You want to invent the next big thing, but you don’t know exactly what? In this post you’ll find how to tap to over 100 million of already recorded, novel, non-obvious, and useful ideas described in English of course.
As J.M. Kaplan and A.C. Warren aptly noticed in “Patterns of Entrepreneurship Management” probably the most underutilized sources of ideas are patent databases. Patent databases record ideas, that by patentability criteria must be novel, non-obvious, and useful.
The main goal of filing a patent is to protect technology know-how of their inventors, and to limit the rights of commercializing the invention to inventor, or also parties, which inventor will agree to license the patent to. Patents in principle are to reward inventors, who successfully commercialize their inventions.
However what often happens is that patents become forgotten and not exploited by inventors, as they do not know how to develop a market as their invention simply precedes its time. Every patent officially registered points out inventions importance and applications, refers to prior ideas, and explains why the idea is useful. And guess what? This might lead you to other inventions, negotiation of licensing the patent from its inventor, or setting up a joint-venture with the inventor leading to patented invention commercialization.
Patent databases might be a wonderland of opportunities with business potential, and now – surprise, surprise, you will learn how to get to this wonderland.
Everyone, who would like to approach and exploit officially registered patents can use online patent databases and search engines. These sources are usually searchable by key words, patents owners, and dates of filing. Patents databases can be also inspiring source for analyses of technology, and market development.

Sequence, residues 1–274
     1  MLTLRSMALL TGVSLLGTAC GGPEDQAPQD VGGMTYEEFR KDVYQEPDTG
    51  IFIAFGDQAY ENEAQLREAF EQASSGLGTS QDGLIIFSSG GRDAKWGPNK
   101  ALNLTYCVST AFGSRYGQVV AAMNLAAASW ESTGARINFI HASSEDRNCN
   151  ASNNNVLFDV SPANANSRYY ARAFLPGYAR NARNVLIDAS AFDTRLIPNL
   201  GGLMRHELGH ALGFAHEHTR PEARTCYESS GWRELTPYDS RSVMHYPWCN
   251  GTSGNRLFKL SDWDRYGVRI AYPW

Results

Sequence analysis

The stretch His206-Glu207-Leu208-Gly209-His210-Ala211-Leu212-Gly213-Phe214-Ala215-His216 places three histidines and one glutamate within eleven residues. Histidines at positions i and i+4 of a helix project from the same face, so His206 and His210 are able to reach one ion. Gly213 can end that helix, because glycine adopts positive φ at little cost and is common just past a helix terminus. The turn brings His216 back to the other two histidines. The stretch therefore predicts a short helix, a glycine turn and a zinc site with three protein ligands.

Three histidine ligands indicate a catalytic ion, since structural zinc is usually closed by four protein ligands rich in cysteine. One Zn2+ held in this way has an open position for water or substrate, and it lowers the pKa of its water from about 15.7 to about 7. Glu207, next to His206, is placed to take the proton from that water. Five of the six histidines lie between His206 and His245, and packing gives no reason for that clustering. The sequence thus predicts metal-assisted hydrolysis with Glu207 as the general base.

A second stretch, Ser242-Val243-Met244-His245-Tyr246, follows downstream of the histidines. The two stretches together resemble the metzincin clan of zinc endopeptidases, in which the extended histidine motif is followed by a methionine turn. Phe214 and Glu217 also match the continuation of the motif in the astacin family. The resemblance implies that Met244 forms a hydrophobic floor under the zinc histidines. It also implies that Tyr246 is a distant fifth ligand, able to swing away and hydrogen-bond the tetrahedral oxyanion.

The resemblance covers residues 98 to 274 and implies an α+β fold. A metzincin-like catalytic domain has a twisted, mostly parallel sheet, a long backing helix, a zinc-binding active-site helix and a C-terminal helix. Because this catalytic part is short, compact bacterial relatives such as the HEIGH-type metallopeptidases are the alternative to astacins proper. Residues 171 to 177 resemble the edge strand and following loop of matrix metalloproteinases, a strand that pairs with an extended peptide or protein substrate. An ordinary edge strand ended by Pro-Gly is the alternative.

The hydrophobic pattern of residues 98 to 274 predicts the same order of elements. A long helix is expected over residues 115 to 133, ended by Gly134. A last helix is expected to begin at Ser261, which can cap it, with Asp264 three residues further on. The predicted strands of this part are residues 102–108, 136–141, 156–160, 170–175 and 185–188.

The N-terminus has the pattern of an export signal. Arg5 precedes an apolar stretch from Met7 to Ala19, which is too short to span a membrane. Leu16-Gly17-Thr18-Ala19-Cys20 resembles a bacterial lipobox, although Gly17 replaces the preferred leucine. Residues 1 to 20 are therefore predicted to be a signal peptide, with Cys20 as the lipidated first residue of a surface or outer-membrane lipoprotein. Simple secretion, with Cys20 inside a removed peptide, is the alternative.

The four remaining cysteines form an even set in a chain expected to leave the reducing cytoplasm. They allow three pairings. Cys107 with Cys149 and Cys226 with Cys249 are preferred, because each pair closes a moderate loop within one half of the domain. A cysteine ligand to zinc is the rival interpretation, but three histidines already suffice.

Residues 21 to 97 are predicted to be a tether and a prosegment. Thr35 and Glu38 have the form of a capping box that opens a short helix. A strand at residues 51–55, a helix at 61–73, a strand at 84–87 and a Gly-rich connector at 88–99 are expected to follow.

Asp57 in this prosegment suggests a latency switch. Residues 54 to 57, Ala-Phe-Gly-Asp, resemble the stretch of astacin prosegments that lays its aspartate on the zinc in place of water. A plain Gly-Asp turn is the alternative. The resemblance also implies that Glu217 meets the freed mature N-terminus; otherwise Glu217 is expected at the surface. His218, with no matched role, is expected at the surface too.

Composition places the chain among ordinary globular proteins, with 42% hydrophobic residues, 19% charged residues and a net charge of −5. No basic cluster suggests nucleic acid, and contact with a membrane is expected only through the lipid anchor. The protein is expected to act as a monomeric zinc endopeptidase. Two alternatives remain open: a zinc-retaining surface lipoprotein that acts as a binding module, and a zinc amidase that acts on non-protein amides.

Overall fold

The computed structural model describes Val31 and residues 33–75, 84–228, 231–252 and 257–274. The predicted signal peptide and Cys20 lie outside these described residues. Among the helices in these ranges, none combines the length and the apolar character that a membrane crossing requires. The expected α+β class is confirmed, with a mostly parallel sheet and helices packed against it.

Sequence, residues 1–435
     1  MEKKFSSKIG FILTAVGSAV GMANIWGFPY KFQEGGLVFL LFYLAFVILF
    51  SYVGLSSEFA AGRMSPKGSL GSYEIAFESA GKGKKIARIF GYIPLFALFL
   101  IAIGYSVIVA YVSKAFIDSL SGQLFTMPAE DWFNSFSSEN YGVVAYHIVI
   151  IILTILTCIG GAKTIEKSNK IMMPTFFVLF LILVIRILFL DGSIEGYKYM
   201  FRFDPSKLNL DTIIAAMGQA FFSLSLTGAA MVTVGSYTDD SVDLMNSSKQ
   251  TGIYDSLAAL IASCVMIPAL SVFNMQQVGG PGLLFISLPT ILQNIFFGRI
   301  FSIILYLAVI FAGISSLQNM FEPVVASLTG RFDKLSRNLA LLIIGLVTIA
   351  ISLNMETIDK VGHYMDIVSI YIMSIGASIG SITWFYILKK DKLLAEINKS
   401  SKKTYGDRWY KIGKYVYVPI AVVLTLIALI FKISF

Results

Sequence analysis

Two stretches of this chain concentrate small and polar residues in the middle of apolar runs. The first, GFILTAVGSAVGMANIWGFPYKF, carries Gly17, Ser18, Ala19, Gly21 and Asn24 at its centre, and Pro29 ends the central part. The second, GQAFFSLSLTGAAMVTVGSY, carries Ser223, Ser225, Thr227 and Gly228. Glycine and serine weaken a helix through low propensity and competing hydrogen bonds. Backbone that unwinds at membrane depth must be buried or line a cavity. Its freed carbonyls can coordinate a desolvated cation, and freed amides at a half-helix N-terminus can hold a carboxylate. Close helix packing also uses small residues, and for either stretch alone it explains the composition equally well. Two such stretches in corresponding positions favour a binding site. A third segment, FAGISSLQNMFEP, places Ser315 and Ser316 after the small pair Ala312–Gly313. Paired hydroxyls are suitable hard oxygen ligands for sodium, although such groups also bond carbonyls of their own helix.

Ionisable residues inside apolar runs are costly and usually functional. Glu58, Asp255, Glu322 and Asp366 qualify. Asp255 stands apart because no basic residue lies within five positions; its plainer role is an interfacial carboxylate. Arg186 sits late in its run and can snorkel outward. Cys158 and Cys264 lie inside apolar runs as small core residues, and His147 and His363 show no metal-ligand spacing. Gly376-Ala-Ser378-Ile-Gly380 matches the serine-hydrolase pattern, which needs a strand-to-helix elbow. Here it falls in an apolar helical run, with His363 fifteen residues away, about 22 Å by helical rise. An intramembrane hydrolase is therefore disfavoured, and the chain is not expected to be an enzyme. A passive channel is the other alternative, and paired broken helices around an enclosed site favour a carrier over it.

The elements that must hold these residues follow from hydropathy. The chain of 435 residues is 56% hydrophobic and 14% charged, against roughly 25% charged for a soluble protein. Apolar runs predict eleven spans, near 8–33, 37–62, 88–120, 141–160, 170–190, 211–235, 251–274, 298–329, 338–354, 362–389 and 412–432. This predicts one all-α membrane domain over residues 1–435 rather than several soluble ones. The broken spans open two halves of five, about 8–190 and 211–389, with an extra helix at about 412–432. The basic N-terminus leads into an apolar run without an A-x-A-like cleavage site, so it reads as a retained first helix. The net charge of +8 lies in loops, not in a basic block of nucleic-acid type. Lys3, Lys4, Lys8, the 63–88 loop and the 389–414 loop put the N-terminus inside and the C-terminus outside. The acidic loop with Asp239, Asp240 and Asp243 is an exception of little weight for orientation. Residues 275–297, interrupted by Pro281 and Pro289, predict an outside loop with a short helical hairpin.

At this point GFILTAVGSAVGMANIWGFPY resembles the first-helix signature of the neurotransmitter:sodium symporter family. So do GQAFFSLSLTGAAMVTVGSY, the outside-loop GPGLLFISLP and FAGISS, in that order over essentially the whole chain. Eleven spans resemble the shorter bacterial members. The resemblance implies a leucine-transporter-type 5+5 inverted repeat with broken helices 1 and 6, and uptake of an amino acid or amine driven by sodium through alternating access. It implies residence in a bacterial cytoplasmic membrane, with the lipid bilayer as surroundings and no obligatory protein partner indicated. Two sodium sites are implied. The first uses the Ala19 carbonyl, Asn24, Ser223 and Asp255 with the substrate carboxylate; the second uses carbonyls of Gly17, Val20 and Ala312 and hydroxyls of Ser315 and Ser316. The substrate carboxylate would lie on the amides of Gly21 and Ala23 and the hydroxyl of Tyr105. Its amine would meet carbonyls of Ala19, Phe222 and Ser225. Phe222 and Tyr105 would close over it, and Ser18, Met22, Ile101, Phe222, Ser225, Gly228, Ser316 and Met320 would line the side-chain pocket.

Just take a moment and check recent records on e.g. 3D printing, smart watches, wireless charging, or autonomous vehicles in my favorite patent databases and patent search engines:
United States Patents and Trademark Office (USPTO) – aggregates of U.S. patent applications, that for end of 2011amointed in nearly 9 million records. For browsing USPTO search engine you need to remember that it uses Boolean operators you need to select manually.
Espacenet – developed by European Patent Organization (EPO) and launched in 1998 in 2015 claimed to have records on over 90 million patent publications. In 2012 Espacenet “Patent Translate” service developed together with Google. “Patent Translate” enables translation of technical patent’s description into 31 languages. In 2013 Espacenet obtained the highest score in comparison study performed by Patent Information News between Espacenet, USPTO, DepatisNet, Freepatentsonline, and Google Patents. Advanced search engine of Espacenet can be found here.
Google Patents – a search engine from Google that indexes patents and patent applications not only from already mentioned USPTO, Espacenet, and DepatisNet, but also from World Intellectual Property Organization (WIPO), Canadian Intellectual Property Office (CIPO), and China’s State Intellectual Property Office (SIPO).
Patent databases might also show if what you work on in terms of invention is already registered and protected by law. It has particular importance in technology-based innovations. Therefore consider patent databases as source of independent “reality check” and feedback supporting iteration on invention you are working on.